Courtesy of Rod Dreher, we get to observe (and lament, depending on your perspective) further evidence that even amongst the educated, literacy is reduced to a combination of functional enough to get by and near-constant wrangling to avoid offenses, real or perceived, at all costs. Before we explore the specific word in question it’s necessary to offer a bit of context from the story Dreher published. From a concerned member of the Oregon Confederation of School Administrators:
Dear COSA members,
A little over a year ago, I received an email from one of our aspiring administrators, Alesia Valdez. She asked a simple question: “Has the Confederation of Oregon School Administrators ever thought about changing the name of the organization?”
Alesia pointed out that the words “confederation” and “confederate” have historically racist associations, and wondered if it was time for COSA to update its name – to move away from a name that many would consider “outdated, offensive or racist,” and instead toward a name that would better represent the values that COSA and our members hold around “equity, diversity, inclusion and culturally-responsive practices.”
I contacted Alesia and let her know two things – first, that I appreciated her request and that I was taking it seriously, and, second, that a name change would require amending our Constitution and Bylaws through a process that would include consultation and engagement with the COSA Board of Directors and all COSA members.
After I received Alesia’s email, I sought out a number of the leaders of color in our organization to get their perspectives. Many told me that the “Confederation” in our organization’s name had been a barrier to their participation in our association and that they agreed the name should be changed.
I took Alesia’s request to the next meetings of the COSA Board of Directors and the COSA Equity Advisory Board, and together we developed a process for considering Constitution and Bylaws amendments to change the name of the organization.
In September, the COSA Board appointed a bylaws review committee and tasked them with bringing any draft amendments to the COSA Board meeting in December. The committee took a holistic view and recommended language that will strengthen and modernize our governing documents while also better reflecting the work that we do as an organization. The Board considered the draft amendments and voted unanimously to move them forward in the process. In addition to changing the “C” in COSA to “Coalition,” these amendments also include technical updates to reflect more current practice, such as updated anti-discrimination language. New additions also include specifically naming the COSA Equity Advisory Board as an official COSA committee with representation on the COSA Board of Directors, and new language acknowledging that students are at the center of our members’ work.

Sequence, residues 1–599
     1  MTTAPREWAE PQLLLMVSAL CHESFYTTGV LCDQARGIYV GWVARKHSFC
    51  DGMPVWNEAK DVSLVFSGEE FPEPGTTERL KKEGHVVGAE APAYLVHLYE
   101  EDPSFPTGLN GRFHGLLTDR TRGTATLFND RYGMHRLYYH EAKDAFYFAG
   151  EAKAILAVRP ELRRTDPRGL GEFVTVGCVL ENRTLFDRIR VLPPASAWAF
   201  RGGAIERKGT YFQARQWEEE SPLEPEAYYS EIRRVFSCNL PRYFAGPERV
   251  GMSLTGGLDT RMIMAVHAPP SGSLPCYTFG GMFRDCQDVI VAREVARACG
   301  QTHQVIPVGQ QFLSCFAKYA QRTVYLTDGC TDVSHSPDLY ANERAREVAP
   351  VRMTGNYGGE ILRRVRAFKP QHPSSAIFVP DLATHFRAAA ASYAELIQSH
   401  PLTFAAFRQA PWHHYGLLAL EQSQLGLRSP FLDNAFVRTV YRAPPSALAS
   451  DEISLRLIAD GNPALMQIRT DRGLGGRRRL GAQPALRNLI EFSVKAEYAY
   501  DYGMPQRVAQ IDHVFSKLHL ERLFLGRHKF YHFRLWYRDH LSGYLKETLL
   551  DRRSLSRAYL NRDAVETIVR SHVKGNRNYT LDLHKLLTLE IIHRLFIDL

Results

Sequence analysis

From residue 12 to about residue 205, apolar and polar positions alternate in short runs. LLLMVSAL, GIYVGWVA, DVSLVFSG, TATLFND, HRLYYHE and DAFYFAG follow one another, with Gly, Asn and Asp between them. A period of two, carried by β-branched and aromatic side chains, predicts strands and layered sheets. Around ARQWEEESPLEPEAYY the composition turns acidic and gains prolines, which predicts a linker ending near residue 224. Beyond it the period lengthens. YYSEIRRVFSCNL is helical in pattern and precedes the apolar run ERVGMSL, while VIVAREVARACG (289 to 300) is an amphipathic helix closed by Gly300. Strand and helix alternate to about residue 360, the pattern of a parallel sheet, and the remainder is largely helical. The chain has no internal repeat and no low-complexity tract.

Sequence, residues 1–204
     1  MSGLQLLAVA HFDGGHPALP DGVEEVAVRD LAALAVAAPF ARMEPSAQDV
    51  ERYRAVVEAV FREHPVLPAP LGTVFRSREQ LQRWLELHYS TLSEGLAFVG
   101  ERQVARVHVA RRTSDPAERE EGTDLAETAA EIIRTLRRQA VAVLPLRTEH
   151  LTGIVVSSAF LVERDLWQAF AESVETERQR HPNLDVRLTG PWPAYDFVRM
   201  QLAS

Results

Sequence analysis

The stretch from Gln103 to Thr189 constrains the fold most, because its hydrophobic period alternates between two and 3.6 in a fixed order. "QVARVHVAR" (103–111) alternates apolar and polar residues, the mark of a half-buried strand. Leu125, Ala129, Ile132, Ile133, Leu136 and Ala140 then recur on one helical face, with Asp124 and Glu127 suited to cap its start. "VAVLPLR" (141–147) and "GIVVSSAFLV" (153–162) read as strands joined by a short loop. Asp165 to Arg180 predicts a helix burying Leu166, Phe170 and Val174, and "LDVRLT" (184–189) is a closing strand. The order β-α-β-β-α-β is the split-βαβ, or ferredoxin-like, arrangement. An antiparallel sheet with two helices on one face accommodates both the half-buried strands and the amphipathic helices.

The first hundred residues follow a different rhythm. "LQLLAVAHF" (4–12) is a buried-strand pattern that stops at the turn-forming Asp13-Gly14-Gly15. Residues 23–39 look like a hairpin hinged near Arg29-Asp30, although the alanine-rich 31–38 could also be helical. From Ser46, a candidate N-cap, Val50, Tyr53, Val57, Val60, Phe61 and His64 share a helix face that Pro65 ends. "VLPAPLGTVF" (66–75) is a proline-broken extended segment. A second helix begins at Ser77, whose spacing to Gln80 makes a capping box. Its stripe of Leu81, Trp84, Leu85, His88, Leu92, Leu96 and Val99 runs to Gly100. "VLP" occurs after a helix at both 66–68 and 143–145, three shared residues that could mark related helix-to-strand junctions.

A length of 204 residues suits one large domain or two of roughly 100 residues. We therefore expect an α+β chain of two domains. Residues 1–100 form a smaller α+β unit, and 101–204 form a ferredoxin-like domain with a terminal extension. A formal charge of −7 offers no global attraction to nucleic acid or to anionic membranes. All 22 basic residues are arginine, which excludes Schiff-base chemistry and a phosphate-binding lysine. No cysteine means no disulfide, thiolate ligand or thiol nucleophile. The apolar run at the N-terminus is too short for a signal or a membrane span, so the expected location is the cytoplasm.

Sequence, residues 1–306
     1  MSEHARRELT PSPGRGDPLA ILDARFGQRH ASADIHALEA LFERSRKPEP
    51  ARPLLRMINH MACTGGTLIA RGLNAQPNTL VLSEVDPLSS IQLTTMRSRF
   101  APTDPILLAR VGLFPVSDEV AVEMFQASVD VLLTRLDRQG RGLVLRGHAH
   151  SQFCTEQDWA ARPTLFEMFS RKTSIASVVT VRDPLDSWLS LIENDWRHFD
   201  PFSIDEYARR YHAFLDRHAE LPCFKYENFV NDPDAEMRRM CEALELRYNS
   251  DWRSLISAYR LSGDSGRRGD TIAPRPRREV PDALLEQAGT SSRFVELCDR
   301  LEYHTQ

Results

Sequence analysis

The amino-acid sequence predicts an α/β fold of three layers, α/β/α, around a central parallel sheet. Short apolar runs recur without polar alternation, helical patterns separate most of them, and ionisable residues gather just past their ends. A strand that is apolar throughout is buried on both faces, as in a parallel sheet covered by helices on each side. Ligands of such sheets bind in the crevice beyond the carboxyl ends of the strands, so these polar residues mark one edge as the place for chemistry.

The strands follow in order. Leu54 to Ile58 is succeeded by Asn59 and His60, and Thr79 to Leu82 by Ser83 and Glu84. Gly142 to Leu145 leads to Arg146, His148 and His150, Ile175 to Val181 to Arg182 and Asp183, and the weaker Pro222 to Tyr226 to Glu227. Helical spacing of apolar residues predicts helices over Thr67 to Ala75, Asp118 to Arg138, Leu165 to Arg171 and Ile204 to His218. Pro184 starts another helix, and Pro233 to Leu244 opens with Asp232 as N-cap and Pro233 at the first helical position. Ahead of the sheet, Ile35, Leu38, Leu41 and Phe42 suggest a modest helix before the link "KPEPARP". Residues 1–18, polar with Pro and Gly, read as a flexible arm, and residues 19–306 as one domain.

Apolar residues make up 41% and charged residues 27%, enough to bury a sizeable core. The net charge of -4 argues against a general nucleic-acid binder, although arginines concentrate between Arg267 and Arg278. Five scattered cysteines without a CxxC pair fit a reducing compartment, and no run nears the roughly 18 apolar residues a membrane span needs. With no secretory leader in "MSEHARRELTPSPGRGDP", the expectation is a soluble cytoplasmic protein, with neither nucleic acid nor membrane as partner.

Sigh. This brings us to our word of the week, confederation, which has absolutely nothing to do with the former Confederate States of America, racism, slavery, or the Civil War. In fact, the original 13 U.S. colonies ratified their union using a document known as the Articles of Confederation, long before the civil unrest of the 1860s. Why? Because this is the actual definition of the word confederation:
Confederation, n. : 1. a league or alliance for mutual support, 2. a group of confederates, especially of states more or less permanently united for common purposes.
Clearly, a cursory glance at a contemporary online dictionary supports reality. Namely, that the word confederation is far from offensive, controversial, or racist. However, we’ve gone so far down the rabbit hole since everyone has “woke up” that reason and appreciation for the rich complexity of language has given way to a jittery hair-trigger reaction to just about everything.
I’m halfway tempted to start calling every tightwad and stingy person I know a niggard, just to be controversial.
I won’t, and I’m black anyway, so spare me the outrage.
I just get a little weary with the degradation of language and the politicization of every facet of life. I think we all need a nice long walk on the beach at sunrise; for a modicum of perspective about how small we all are in the grand scheme of things.